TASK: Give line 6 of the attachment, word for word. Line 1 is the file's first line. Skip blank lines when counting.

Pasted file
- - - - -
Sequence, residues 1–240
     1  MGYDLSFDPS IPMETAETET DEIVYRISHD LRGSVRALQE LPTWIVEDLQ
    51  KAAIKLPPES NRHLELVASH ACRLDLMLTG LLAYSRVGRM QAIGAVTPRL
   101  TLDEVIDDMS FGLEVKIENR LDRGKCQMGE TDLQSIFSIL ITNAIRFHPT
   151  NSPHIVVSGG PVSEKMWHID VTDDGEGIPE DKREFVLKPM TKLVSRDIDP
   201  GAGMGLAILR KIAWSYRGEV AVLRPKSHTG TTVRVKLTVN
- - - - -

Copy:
   201  GAGMGLAILR KIAWSYRGEV AVLRPKSHTG TTVRVKLTVN